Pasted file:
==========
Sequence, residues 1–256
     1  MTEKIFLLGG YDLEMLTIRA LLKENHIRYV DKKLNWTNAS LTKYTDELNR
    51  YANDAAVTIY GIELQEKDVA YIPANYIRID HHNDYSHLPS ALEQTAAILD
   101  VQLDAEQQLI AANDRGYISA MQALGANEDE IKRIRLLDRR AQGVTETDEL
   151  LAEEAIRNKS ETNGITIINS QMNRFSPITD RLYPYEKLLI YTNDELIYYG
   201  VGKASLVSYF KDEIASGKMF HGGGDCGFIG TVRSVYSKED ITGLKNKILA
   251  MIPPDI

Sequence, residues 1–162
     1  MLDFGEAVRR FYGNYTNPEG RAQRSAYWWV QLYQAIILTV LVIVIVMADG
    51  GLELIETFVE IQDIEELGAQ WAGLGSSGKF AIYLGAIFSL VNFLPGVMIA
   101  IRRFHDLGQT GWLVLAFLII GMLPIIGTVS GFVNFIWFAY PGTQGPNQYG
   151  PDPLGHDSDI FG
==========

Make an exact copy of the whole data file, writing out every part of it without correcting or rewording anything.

Sequence, residues 1–256
     1  MTEKIFLLGG YDLEMLTIRA LLKENHIRYV DKKLNWTNAS LTKYTDELNR
    51  YANDAAVTIY GIELQEKDVA YIPANYIRID HHNDYSHLPS ALEQTAAILD
   101  VQLDAEQQLI AANDRGYISA MQALGANEDE IKRIRLLDRR AQGVTETDEL
   151  LAEEAIRNKS ETNGITIINS QMNRFSPITD RLYPYEKLLI YTNDELIYYG
   201  VGKASLVSYF KDEIASGKMF HGGGDCGFIG TVRSVYSKED ITGLKNKILA
   251  MIPPDI

Sequence, residues 1–162
     1  MLDFGEAVRR FYGNYTNPEG RAQRSAYWWV QLYQAIILTV LVIVIVMADG
    51  GLELIETFVE IQDIEELGAQ WAGLGSSGKF AIYLGAIFSL VNFLPGVMIA
   101  IRRFHDLGQT GWLVLAFLII GMLPIIGTVS GFVNFIWFAY PGTQGPNQYG
   151  PDPLGHDSDI FG